Stuart N. Clarke
stuart.n.clarke at btinternet.com
Thu Jun 14 04:01:32 EDT 2018
Today is the first anniversary of the Grenfell Tower fire.
When Grenfell Tower caught fire in June 2017, the disaster revealed a deep division between rich and poor in this part of west London. Now, residents of the community around the tower tell the extraordinary story, 150 years in the making, of how their borough became the most unequal place in Britain.
This film reveals little-known stories of how the divisions began, such as the building in the nineteenth century of a huge wall that still stands today. The wall was intended to separate the homes of the Victorian middle class from what was then the worst slum in London. Residents share their memories of the dramatic events that shaped their community - from exploitation by notorious landlord Peter Rachman in the 1950s to the first Notting Hill race riots and the construction of Grenfell Tower in the 1970s.
When Grenfell Tower opened in 1974, Britain was more equal than it has ever been, before or since. For the residents who moved in then, the tower was a symbol of hope for the future. But since Grenfell opened, we have become steadily more unequal, until today levels of income inequality are the same as they were in 1850. This is the untold story of a unique part of west London, revealing how its past has shaped its present.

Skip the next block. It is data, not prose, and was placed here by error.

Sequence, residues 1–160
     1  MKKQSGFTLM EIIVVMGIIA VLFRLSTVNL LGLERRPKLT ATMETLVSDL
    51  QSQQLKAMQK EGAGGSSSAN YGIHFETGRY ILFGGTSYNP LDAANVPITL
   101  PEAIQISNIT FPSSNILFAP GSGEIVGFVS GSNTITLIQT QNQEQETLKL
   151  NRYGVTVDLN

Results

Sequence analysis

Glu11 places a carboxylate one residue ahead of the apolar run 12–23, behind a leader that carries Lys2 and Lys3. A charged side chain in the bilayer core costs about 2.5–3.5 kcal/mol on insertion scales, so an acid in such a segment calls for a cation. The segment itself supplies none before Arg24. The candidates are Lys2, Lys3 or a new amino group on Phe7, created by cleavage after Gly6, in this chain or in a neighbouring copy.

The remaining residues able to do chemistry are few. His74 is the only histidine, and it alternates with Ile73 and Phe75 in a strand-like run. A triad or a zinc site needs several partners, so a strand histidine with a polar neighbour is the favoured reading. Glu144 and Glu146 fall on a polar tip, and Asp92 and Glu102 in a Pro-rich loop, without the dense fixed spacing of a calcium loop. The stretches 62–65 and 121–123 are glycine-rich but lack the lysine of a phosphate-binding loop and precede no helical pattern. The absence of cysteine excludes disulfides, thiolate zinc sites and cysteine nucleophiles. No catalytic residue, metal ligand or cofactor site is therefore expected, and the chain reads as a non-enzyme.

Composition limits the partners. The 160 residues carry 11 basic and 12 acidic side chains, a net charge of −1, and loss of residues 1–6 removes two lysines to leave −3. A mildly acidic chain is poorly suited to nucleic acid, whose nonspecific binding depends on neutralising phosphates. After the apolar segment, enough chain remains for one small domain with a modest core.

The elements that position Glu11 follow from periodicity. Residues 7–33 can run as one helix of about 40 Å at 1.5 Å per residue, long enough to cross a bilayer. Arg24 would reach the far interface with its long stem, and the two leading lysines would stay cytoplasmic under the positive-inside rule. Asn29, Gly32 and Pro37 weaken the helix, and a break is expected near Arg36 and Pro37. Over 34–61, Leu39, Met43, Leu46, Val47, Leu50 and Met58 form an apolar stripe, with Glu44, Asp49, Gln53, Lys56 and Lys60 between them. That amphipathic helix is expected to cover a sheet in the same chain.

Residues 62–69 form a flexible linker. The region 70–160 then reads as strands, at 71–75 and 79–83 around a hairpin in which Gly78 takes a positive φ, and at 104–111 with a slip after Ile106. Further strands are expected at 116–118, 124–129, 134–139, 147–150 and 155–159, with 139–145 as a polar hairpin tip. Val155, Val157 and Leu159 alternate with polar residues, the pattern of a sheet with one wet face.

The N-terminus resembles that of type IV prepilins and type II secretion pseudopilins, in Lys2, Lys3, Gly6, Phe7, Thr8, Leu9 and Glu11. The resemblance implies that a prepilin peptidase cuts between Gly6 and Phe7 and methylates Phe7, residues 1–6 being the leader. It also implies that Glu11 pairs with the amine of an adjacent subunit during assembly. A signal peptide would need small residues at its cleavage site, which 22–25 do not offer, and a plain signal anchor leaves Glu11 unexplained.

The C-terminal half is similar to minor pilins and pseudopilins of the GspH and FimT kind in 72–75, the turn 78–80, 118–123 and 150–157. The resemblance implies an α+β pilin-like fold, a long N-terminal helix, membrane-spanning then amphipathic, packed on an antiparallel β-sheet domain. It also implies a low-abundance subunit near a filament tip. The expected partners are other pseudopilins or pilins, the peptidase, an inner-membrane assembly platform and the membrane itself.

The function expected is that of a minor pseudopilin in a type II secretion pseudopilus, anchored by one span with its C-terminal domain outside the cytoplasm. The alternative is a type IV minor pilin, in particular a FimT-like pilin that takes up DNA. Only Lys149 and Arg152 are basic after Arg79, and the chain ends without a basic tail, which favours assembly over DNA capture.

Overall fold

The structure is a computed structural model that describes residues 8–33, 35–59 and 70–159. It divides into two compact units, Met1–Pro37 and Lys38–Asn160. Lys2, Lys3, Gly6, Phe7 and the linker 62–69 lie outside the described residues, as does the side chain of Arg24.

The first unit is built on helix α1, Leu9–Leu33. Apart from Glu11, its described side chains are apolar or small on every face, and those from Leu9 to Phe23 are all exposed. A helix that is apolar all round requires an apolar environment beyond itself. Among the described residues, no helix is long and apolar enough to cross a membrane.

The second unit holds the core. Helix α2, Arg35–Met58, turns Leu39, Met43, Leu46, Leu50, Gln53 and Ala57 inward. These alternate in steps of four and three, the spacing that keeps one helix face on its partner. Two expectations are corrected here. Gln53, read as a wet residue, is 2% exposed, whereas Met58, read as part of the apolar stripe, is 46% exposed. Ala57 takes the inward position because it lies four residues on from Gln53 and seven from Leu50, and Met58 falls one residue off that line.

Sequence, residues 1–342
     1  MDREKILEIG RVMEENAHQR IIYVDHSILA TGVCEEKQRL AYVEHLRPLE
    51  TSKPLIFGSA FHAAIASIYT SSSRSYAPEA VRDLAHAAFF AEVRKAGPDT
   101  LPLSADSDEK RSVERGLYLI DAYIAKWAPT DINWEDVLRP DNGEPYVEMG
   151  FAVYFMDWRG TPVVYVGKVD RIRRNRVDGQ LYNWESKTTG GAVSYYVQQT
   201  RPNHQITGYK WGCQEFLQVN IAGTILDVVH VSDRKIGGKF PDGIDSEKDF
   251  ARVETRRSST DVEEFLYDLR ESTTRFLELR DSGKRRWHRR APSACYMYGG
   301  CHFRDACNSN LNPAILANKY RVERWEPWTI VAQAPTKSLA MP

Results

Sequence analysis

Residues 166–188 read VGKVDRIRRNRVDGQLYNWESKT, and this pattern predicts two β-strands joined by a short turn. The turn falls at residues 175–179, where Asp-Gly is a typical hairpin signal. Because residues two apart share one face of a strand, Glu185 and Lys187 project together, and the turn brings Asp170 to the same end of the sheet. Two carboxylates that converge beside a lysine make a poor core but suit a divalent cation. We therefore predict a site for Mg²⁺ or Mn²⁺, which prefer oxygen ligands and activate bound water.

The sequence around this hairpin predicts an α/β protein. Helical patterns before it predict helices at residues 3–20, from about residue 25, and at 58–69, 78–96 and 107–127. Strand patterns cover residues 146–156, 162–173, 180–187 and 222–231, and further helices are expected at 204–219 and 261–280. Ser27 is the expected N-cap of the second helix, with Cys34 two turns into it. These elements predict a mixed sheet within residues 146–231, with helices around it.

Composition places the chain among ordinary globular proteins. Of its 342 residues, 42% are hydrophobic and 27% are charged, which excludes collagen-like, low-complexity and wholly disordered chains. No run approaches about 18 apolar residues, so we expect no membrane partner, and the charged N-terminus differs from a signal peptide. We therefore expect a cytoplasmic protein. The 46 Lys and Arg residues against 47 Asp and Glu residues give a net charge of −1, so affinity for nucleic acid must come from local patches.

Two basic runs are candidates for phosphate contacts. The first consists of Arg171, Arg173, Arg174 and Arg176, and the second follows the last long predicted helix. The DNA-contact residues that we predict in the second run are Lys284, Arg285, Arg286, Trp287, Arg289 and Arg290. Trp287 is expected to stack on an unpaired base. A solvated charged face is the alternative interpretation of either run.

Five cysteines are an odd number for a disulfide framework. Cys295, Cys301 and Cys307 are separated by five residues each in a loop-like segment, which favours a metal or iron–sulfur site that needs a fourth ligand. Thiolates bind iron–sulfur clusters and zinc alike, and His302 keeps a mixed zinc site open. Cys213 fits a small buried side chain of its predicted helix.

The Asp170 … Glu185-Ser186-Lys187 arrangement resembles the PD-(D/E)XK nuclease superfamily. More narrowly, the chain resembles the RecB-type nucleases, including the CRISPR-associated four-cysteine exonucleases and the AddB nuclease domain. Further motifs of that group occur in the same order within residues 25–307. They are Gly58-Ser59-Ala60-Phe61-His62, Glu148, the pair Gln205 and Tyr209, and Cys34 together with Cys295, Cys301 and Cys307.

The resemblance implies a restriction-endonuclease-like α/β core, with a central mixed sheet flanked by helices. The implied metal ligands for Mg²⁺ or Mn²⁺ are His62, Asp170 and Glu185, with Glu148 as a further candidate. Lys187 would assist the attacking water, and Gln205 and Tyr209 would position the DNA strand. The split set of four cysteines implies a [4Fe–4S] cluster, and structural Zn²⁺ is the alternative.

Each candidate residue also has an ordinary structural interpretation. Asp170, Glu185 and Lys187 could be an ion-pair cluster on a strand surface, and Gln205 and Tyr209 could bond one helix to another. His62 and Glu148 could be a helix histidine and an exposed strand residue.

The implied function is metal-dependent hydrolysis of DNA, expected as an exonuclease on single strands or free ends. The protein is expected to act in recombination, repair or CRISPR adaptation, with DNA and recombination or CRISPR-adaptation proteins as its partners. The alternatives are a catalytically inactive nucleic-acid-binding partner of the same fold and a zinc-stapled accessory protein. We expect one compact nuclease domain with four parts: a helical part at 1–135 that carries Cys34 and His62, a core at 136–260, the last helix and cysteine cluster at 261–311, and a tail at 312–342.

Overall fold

Show less Release date: 13 June 2018 29 days left to watch
“The flamingo hours fluttered softly through the sky. But regularly they dipped their wings in pitch black; Notting Hill, for instance ...” (“Jacob’s Room”)
Notting Hill, immediately to the northwest of Kensington Gardens, was in the late-nineteenth century an area of ‘extreme contrasts, fine houses and noxious slums existing in close proximity, and problems of social deprivation and poor housing conditions have continued to the present day’ (London Encyclopaedia 572). VW visited the respectable St Marks Road in 1897 (Passionate Apprentice 58, 97).
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